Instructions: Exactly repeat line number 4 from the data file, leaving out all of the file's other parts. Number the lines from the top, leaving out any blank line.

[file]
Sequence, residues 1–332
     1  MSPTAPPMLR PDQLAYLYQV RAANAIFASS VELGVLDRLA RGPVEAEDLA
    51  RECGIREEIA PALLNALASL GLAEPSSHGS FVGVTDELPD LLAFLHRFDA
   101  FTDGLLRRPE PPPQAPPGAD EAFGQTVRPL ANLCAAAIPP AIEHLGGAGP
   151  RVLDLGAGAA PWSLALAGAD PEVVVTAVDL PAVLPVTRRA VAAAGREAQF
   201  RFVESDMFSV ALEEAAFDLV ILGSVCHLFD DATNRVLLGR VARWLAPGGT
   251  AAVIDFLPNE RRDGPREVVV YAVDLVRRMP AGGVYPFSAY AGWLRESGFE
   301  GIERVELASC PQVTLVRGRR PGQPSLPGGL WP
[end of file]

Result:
   101  FTDGLLRRPE PPPQAPPGAD EAFGQTVRPL ANLCAAAIPP AIEHLGGAGP